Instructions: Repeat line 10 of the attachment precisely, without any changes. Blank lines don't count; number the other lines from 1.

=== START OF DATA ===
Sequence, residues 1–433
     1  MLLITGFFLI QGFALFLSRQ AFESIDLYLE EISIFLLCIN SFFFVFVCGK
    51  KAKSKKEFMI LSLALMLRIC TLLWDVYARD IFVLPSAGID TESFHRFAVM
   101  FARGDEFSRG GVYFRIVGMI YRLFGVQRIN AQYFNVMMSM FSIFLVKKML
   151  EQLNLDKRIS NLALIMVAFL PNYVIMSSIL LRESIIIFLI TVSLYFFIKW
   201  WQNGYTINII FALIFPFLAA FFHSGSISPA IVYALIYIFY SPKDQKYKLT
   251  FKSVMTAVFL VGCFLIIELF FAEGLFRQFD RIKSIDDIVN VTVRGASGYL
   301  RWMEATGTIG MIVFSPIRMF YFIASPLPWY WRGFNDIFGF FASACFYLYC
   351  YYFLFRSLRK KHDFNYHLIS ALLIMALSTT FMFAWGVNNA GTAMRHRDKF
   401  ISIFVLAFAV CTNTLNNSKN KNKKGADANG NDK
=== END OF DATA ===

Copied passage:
   401  ISIFVLAFAV CTNTLNNSKN KNKKGADANG NDK